History Legends of War: Patton in the firing line

Company representing WW2 legend sues little-known publisher over use of his likeness.

History Legends of War: Patton launched with little fanfare in 2012.

It's a turn-based strategy game in which you follow the path of US Army legend General George Patton during the events of World War 2. Our friends at Outside Xbox gave the game a spin in the video, below.

Now, two years later, CMG, a company based in Indiana, is suing publisher Maximum, based in California, over the game's use of General Patton. It claims false endorsement, unfair competition and the violation of Patton's publicity rights. In short, the game allegedly used Patton's name, likeness, image and persona without permission - and CMG is upset.

"CMG has filed the suit because we are committed to enforcing our clients' intellectual property, and this action against Maximum Family Games to protect the rights of the late General Patton and his family is no different," CEO Mark Roesler told Eurogamer in an emailed statement.

The issue of the fair use of a celebrity likeness in a video game hit the headlines recently former military dictator Manuel Noriega sued Call of Duty maker Activision over the use of his likeness in developer Treyarch's first-person shooter Call of Duty: Black Ops 2. The lawsuit was eventually dismissed.

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Patton infringement?

Celebrity Lindsay Lohan is currently suing Grand Theft Auto 5 maker Rockstar, claiming a character in the game is based on her. Lohan claims that Rockstar copied her image, voice and clothing style for the character, something which the developer laughed off as a bid for attention. "Her claim is so legally meritless that it lacks any good-faith basis and can only have been filed for publicity purposes," Rockstar said.

But the case of History Legends of War: Patton is unique in that it involves a deceased historical figure.

According to court documents filed in San Francisco federal court, CMG said it secured the rights to Patton through "various agreements with the Patton family", and as a result is "charged with the exclusive responsibility and authority with respect to enforcing General Patton's intellectual property rights".

A quick glance at the CMG website reveals a huge client list that includes the likes of James Dean, Andre the Giant and Mark Twain.

GeneralPatton.com is copyright "Estate of General George S. Patton Jr.". It mentions CMG Worldwide as the business representative for the Estate, with a view to working with companies who wish to use the name or likeness of Patton in any commercial fashion. It even links to a business application for licensing opportunities.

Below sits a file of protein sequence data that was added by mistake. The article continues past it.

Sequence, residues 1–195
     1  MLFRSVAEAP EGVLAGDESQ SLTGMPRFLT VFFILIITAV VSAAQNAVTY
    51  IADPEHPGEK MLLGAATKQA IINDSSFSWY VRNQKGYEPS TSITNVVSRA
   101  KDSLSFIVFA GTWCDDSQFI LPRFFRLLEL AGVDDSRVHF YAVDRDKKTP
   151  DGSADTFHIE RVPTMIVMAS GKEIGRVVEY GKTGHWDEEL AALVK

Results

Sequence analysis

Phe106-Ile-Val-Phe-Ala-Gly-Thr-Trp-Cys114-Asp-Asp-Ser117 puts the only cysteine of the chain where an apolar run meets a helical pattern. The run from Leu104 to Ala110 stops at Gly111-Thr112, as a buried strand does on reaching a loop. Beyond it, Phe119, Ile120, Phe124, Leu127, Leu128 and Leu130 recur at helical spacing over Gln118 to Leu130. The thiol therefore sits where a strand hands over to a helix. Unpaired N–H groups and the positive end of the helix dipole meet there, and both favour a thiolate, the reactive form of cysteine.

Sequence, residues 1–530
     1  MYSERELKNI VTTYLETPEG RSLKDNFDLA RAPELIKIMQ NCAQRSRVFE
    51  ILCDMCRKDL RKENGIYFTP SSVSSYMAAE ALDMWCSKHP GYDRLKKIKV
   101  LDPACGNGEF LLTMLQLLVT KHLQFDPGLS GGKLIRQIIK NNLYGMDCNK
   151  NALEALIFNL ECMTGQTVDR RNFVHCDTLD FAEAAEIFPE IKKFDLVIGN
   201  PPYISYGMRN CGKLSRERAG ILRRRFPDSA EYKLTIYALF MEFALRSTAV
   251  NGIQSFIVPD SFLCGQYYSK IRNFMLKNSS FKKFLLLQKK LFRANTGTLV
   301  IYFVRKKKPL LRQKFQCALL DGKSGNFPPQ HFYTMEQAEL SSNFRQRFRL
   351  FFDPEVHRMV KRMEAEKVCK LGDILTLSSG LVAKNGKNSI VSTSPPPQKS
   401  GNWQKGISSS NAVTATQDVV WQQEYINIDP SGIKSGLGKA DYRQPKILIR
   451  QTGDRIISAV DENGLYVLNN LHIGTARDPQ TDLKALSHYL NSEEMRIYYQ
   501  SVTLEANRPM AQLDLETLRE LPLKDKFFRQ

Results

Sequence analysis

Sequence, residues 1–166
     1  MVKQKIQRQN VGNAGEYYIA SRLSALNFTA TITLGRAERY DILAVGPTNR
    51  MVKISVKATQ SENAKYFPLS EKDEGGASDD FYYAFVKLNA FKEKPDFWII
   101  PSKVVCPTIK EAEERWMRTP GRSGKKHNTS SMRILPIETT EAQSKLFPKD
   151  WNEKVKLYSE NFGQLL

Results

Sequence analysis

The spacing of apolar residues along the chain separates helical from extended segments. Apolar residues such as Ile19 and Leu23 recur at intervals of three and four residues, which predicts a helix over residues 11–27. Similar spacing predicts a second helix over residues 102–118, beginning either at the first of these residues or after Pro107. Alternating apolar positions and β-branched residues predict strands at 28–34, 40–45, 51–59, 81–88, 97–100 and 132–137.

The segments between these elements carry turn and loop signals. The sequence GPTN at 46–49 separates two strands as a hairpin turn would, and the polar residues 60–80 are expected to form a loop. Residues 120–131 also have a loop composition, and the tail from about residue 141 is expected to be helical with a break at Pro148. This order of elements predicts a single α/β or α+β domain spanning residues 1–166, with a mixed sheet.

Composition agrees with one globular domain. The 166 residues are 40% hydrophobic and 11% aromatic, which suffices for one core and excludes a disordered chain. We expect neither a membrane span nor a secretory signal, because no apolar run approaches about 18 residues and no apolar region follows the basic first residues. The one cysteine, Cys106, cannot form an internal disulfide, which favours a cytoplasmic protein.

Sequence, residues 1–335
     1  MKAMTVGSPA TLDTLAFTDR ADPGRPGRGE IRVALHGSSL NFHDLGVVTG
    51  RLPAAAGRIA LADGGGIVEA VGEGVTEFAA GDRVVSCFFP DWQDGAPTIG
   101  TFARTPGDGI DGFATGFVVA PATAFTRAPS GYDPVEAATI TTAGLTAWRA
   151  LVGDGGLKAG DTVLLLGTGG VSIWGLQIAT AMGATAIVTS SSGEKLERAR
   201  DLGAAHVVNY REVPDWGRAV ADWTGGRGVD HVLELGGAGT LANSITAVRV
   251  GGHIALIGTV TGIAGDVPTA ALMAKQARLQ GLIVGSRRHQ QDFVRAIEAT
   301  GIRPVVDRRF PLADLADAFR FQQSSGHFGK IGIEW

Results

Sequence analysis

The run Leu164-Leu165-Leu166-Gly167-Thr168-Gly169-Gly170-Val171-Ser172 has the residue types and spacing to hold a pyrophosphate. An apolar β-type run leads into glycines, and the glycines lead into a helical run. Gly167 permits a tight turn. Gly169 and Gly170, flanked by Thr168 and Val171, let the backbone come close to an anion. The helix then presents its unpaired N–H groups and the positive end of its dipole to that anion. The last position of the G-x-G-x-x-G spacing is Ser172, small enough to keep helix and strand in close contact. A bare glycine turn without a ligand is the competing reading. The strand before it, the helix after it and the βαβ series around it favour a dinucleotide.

Back to CMG's suit against Maximum: "Consumers would readily understand that Maximum's use of General Patton's name, image and likeness in connection with the infringing video game is a reference to General Patton.

"Indeed, Maximum expects and intends consumers to understand this as part of its marketing efforts."

Apparently CMG tried to resolve the issue outside the courts, but failed. Now, CMG wants a ban on Maximum's use of the Patton name, as well as damages. Maximum has yet to respond to Eurogamer's request for comment. We'll update the article if it chooses to respond.

CMG may be confident in its case, but it could run up against a First Amendment defence. According to Video Gamer Law, when weighing an individual's rights of publicity against a First Amendment defense, Courts generally focus on the way the defendant has used the celebrity's likeness.

If the use is sufficiently 'transformative' (i.e., if the celebrity's image or persona is changed or distorted), then the First Amendment precludes a right of publicity claim because the likeness is just a component part of new expression, VGL suggested.

On the other hand, if the celebrity's raw image is the 'sum and substance' of the work in question, the First Amendment does not bar a right of publicity claim.

"This is because the defendant's patent intent is to capitalize on the celebrity's image and fame rather than upon any new 'expression'," VGL said, pointing to band No Doubt's successful claim against the use of its likeness in Activision's Band Hero.

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About the author

Wesley Yin-Poole

Wesley Yin-Poole

Editor  |  wyp100

Wesley is Eurogamer's editor. He likes news, interviews, and more news. He also likes Street Fighter more than anyone can get him to shut up about it.

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